Reliability declining of some European cars

A friend of mine wants to buy a Mercedes sedan but it's worried about the reliability declining of some European cars, like MB, Jag etc. For that reason he may purchase a used MB and would like to know the
year when the decline started. It may be hard for most users of this group to admit the fact that a Lexus is more reliable that a MB but is apparently a statistically proven fact. May be MBs are as reliable as before. Only the Jap are that much better.
Thanks for your time
Vlad
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The decline in reliability began when the 124 series ended:1995 E Class. Mercedes was determined to put more and more technology into their car which relied on computer modules. MB traditionally went with Bosch and Hella electronics. These firms had problems with their "Chips". Daimler refused to put reliable, Japanese chips in their German car. They decided to switch to Alpine audio when they were bombarded by letters from dealers and customers who emphasized that the developed nations of the world listened to music from Compact Disc for over twenty years. They finally went through their inventory of Becker tape/radios and made the switch. Daimler, BMW, and Volkwagen AG have turned the corner and all claim that their cars are reliable again. The bottom line is, would you rather be in a Mercedes-Benz in an accident or a Japanese car? P.
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wrote:

Peter This is exactly what I was looking for. I have another friend that purchased a 745(?) BMW about a year ago for circa 100k and had lots of problems. Always with electronics. Problems that the dealer wasn't capable of fixing. Thanks
Vlad
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Declined after 1980
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says...

When Jurgen Schrempp (AKA Jerkin' Shrimp) took the helm of chairman of Daimler back in 1995, engineering development budgets and schedules were cut way back to get new products on the road quickly and reduce engineering costs. M-B used to take 6 to 7 years to bring a new vehicle to fruition. Now it's much closer to the industry norm of 3 years or so.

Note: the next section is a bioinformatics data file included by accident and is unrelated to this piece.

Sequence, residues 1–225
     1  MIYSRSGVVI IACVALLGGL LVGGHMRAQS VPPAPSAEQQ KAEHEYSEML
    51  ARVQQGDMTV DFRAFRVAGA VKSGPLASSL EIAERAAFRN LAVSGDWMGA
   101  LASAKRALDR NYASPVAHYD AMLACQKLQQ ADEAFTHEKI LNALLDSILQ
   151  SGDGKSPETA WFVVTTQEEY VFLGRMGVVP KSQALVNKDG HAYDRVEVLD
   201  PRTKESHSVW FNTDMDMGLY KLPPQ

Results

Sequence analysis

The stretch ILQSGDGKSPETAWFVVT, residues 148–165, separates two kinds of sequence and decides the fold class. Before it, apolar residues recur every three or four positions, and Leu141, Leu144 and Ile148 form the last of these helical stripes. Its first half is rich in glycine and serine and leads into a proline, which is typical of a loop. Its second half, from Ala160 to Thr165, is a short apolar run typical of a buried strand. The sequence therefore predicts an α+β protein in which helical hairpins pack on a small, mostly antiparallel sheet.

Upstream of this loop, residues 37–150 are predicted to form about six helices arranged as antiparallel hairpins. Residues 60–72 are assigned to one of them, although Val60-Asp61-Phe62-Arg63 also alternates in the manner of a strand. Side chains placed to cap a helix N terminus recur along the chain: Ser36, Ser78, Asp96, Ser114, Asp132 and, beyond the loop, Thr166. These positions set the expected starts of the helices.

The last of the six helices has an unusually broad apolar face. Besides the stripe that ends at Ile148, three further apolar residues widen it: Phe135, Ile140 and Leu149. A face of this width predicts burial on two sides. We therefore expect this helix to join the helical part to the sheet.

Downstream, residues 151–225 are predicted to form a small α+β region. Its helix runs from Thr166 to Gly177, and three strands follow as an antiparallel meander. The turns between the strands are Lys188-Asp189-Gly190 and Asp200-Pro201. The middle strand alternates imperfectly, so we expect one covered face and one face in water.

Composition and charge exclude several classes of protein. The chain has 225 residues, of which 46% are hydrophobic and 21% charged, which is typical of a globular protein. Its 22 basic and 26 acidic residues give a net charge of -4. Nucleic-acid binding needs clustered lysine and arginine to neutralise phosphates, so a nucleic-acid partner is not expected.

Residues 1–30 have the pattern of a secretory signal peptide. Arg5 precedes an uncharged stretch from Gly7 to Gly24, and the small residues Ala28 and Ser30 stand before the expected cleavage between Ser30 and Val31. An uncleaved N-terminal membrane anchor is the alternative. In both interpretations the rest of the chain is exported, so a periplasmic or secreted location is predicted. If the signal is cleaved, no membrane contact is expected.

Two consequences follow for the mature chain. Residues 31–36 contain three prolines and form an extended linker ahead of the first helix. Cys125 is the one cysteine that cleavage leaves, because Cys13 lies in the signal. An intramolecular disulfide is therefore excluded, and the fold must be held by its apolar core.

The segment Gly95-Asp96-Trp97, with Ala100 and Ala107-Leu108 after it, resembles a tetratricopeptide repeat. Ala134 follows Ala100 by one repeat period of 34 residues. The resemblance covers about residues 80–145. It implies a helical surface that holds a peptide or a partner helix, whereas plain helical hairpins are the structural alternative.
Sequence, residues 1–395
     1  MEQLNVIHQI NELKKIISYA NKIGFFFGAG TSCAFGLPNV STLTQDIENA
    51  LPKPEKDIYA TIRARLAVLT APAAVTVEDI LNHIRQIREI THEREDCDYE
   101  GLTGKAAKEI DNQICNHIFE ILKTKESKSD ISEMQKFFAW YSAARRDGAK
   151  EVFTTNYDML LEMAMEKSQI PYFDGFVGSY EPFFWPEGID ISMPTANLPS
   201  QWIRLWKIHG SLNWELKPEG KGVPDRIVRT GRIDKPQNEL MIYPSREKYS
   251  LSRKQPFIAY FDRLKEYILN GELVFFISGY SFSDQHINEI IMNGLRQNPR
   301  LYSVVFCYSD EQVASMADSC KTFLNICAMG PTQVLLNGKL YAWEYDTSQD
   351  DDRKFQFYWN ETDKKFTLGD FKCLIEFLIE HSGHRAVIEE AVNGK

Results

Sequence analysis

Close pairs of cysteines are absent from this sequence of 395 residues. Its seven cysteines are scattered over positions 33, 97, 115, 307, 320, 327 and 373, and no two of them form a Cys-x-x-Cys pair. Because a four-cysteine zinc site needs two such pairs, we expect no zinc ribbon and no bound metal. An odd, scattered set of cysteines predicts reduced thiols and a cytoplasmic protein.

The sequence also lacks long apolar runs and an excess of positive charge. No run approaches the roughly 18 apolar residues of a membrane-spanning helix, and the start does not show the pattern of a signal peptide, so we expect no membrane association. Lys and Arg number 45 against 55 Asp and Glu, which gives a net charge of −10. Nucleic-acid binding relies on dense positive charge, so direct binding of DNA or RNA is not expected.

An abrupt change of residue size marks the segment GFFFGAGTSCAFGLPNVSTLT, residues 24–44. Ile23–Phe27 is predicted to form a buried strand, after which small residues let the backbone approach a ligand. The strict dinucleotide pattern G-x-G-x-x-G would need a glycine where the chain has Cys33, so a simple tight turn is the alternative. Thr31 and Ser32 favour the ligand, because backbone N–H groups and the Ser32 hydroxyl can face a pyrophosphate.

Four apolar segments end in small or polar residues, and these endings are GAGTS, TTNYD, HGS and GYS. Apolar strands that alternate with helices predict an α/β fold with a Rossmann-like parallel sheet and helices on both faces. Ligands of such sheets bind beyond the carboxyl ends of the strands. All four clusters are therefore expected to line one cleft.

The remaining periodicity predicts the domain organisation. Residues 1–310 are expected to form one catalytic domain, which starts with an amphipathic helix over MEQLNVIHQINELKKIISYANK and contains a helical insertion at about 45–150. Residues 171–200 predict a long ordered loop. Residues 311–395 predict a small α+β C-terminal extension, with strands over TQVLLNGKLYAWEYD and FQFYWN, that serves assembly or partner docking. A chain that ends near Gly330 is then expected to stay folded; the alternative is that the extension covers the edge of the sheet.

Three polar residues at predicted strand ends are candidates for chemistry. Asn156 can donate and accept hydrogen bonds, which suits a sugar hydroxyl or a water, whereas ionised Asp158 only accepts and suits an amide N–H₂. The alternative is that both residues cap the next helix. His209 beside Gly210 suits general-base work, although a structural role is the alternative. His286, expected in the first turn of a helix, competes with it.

Engineering processes did not keep pace with the new schedules and budgets. The result is poorly tested and half baked products. But old Jerkin' Shrimp has made a lot more money so it's OK. He observed American management styles and correctly reasoned that he could devalue the his products, coast on the Mercedes reputation for years before all but the moneyed clueless noticed, and line his pockets better than any other German corporate leader. Now that is corporate leadership!
In the USA many M-B dealers have greatly expanded their service facilities. They probably knew it would be needed. I wonder if Daimler funded any of this?
Look at JD Powers recent USA data on the M-B vehicles. On average Chrysler products have a better quality level than M-Bs. Save yourself a bunch of money and get the Chrysler 300 instead. If it's any comfort it has a lot of last generation E-class parts underneath and you can always scrounge a 3 pointed star if your friend is particularly insecure in the suburban vehicular pecking order.
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Very good information. Thaks
Vlad
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So, does this revamp in 95 have any relation with the naming change, for example, from 300E to E300?
Repo Man wrote:

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No.
In short, in the old days the E suffix meant that an injection engine was installed. At some stage all engines were injection, so the need for the E suffix fell away. By then the model range had become bigger (intro of 190 and its successor, the C-Class) and so the letters were put in front and used as 'Class' designations. There always was an S-Class but I suspect that "excecutive" for E is a post-fact rationalisation.
DAS
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